Robert Venturi: Complexity and Contradiction in Architecture, Study notes for Architecture. Università di Torino
Milad.Tangshir
Milad.Tangshir

Robert Venturi: Complexity and Contradiction in Architecture, Study notes for Architecture. Università di Torino

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Robert Venturi: Complexity and Contradiction in Architecture
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Robert Venturi in Complexity and Contradiction in Architecture addresses architecture as the only place where redundant and simple construction, in thinking and in material reality, takes shape. All other art forms indulge and promote complexity in their art form. Venturi finds great value in embracing the complex layers that have emerged from previous and old methods of architecture that have rendered architecture complex. Ventrui focuses on embracing contradiction and complexity by recognizing the various paradoxes present in architecture and the society that architecture accommodates. A visually complex, constructed, environment is necessary and can exist between regimented order and barren architectural forms. Venturi recognizes the work of Mies van der Rohe in his statuesque pavilions that are recognizable by their simplicity. Ventrui is hesitant of the oversimplification of architecture especially when he elaborates on Mies’s infamous statement on modernism in “Less is more,” to “Less is a bore” because the complex behavior of people and how they move through their environment is not reflective to one unified, simplified form.

The complex architecture, Venturi says, has multiple meaning, which at the same time takes part in a fluid system. The meanings contradict one another when analyzed side by side but Venturi suggests that they should be addressed together, not excluding one or the other for the sake of clarity in simplification. The clarity can lead to a bare and bland architecture that stands alone separate from the people it accommodates. Venturi sees an obligation toward the difficult whole. “It is the difficult unity through inclusion rather than easy unity through exclusion,” acceptance rather than rejection is ideal to achieve a rich architecture. The “difficult whole” is the challenge to unify the numerous components that encompass an architectural form. The challenge to achieving a more valuable architecture is through consciousness off all the potential parts and finding a way to bridge them all into a cohesive mass.

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The book focuses on the question why some architecture is interesting and fascinating while other types are not. Venturi says architecture becomes interesting when visual tension is introduced in the building. I use the word tension in the way he uses the term contradiction. It is contradiction but the overall result is a tension that catches the observer’s attention. However, it is also ambiguity in the overall design, the position of the building in the space and vis-a-vis other buildings that contribute to this feeling of pleasant tension. The calculated ambiguity of expression is based on the confusion of experience as reflected in the architectural program. This promotes richness of meaning over clarity of meaning. His work was and still is a great statement against modernism in architecture. He regarded modernism with its focus on simplicity, symmetry and harmony, as boring and completely devoid of vitality.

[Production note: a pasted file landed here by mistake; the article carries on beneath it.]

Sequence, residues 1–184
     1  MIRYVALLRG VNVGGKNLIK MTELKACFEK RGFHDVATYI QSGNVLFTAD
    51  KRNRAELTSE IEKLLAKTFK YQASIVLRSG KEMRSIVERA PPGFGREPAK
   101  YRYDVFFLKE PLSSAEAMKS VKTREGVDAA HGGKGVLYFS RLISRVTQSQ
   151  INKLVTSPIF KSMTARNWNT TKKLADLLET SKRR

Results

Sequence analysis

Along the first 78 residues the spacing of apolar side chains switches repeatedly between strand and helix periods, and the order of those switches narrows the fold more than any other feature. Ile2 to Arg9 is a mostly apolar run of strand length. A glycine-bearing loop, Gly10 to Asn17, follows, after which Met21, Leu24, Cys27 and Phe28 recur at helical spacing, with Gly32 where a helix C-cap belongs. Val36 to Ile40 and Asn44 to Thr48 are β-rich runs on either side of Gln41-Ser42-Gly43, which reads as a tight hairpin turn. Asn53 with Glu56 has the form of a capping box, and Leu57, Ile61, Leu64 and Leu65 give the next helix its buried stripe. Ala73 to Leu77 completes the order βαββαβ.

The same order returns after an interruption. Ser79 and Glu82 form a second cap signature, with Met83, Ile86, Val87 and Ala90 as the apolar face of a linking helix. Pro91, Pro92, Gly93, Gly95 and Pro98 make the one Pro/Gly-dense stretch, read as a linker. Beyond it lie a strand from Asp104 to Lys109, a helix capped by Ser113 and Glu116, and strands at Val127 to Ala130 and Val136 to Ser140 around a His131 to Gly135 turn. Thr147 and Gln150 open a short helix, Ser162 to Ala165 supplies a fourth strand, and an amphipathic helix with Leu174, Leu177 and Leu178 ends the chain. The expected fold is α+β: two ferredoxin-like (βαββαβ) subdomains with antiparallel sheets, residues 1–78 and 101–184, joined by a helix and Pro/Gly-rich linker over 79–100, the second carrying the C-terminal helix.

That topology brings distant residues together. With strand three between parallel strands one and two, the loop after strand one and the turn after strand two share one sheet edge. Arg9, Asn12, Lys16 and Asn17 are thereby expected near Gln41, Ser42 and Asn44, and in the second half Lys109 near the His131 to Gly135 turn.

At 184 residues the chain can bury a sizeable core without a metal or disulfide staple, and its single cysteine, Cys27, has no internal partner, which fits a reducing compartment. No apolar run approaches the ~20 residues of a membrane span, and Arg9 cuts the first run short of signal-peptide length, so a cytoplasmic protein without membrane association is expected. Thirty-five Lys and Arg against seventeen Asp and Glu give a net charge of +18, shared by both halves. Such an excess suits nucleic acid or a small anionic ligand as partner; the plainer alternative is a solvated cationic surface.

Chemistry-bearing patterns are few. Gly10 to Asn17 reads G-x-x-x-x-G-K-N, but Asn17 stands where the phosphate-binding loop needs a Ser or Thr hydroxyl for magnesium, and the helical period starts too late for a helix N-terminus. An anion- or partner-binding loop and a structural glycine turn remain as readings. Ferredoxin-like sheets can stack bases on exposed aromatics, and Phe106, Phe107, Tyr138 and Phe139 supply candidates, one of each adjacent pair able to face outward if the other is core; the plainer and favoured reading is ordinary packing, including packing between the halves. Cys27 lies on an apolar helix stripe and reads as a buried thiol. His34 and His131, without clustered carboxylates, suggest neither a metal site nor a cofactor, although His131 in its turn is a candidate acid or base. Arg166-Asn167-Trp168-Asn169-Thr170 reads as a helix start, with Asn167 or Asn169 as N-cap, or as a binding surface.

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“… I speak of a complex and contradictory architecture based on the richness and ambiguity of modern experience, including that experience which is inherent in art. Everywhere, except in architecture, complexity and contradiction have been acknowledged, from Godel's proof of ultimate inconsistency in mathematics to T.S. Elliot's analysis of "difficult poetry and Joseph Albers' definition of the paradoxical quality of painting. Architects can no longer afford to be intimidated by the puritanically moral language of orthodox Modern architecture. I like elements which are hybrid rather than "pure", compromising rather than "clean," distorted rather than "straightforward," ambiguous rather than "articulated," perverse as well as impersonal, boring as well as "interesting," conventional rather than "designed," accommodating rather than excluding, redundant rather than simple, vestigial as well as innovating, inconsistent and equivocal rather than direct and clear. I am for messy vitality over obvious unity. I am for richness of meaning rather than clarity of meaning. For the implicit function as well as the explicit function. I prefer "both-and" to "either-or," black and white, and sometimes gray, to black or white. A valid architecture evokes many levels of meaning and combinations of focus: its space and its elements become readable and workable in several ways at once. Nevertheless, an architecture of complexity and